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    How 2018 EU patent law will affect Photonics

    July 18 2017     |     comments

    Understanding how forthcoming changes in patent legislation may affect your photonics business

    At the recent Laserworld in Munich, we caught up with Dr. Robert Harrison, a Munich based business executive who specialises in high-tech intellectual property. He gave us an update to changes in the European patent legislation and why it is good news for global photonics companies thinking about basing their Research and Development in the PhotonDelta region. This is what you need to know.


    Coming Soon - the European Unitary Patent

    Let’s first define what we’re talking about.

    Patents are granted for innovative products, materials, uses and processes ("inventions”). They primarily provide protection against unauthorised imitations, but can also be licensed to others – and indeed in the photonics industry licensing between companies is becoming increasingly important. The patent is a territorial right and is currently only valid in the country in which it was granted.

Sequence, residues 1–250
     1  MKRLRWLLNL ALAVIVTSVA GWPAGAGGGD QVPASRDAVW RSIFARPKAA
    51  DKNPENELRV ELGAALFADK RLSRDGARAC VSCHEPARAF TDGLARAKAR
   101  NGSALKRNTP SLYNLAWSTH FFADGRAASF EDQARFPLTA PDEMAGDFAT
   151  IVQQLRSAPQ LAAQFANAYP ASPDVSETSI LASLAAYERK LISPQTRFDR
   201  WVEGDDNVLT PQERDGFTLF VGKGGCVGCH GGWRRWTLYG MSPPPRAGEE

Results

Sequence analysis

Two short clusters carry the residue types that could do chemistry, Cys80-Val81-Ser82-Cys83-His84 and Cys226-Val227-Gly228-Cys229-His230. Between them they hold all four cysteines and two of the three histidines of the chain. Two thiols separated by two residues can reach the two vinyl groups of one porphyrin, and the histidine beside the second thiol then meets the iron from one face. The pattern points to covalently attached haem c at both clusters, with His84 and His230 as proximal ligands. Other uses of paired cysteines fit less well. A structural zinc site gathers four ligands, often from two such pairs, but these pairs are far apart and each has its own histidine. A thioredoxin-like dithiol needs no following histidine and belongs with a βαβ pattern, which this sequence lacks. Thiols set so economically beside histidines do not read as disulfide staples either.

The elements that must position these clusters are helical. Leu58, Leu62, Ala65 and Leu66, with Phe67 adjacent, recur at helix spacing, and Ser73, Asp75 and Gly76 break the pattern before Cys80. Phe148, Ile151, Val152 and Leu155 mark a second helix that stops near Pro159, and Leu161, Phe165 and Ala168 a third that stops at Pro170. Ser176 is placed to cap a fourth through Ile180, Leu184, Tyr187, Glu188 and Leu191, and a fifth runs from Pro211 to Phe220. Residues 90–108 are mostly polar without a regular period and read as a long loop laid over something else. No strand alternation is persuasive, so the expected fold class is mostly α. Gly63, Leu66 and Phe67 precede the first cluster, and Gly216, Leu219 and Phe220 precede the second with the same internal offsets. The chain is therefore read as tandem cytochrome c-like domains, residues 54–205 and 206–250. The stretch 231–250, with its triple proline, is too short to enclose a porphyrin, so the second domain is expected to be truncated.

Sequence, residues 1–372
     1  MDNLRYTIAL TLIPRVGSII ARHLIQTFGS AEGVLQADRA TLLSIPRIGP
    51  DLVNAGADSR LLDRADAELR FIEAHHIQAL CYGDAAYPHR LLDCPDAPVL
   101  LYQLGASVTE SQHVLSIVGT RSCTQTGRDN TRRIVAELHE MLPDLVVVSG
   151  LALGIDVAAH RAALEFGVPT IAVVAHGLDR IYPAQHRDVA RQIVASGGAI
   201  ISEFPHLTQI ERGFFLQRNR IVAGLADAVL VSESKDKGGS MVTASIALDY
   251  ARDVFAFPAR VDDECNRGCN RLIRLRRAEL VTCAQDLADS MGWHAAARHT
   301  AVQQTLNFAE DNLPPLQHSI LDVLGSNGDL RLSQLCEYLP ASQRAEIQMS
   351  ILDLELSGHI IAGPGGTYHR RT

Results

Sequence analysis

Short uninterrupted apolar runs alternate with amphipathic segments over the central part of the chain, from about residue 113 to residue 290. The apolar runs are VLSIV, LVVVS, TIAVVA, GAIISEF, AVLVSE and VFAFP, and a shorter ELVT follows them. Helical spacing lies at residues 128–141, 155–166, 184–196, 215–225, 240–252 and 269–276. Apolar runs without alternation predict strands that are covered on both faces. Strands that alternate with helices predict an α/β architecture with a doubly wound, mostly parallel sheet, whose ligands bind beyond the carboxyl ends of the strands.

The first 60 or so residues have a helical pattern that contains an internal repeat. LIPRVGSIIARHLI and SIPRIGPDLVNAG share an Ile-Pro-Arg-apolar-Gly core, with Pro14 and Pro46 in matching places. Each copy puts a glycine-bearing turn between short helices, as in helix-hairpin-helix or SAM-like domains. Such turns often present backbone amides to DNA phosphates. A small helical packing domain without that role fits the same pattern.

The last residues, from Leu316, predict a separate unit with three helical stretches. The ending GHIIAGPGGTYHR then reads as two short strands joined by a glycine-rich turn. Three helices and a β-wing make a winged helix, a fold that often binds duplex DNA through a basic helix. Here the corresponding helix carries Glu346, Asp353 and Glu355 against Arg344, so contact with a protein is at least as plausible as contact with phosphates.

There is some good news, especially for those wishing to build a photonics company in Europe. There will soon be a single patent valid for almost the whole of the European Union that will greatly simplify patent protection across the European continent. 


    Early access to IP is a major benefit to being part of the PhotonDelta Cooperative. It’s a brilliant idea to enable high-tech companies to accelerate their business. Robert Harrison

    The Changes are Good News

    The new unitary patent system is expected to come into force by early 2018 - the final details are being worked out right now. It should be a lot cheaper than the existing system of validating patents separately in individual countries (e.g. The Netherlands, France, Germany, Belgium, etc.). It will be easier to grant technology licenses and will simplify administration. Over the next few years, national legislation will be amended in EU member countries to incorporate the decision of the directive.

    There was a lot of discussion because of Brexit whether the law would come in to force or not. But the UK has decided to implement the single European patent. The Netherlands has always been a strong proponent, France has passed the necessary changes to its laws and its going through the parliament in Germany. Only Spain has decided not to be part of the scheme. Poland is also opting out of some parts.

    The big challenge with intellectual property is identifying what is going to be really important in the future. It means a deep understanding of the roadmap for the next 5 - 10 years. I find hardware companies understand this better than those working in software and apps. It also means deciding which IP will your company develop and invest in, what IP are others expected to develop and anticipating if and how they match.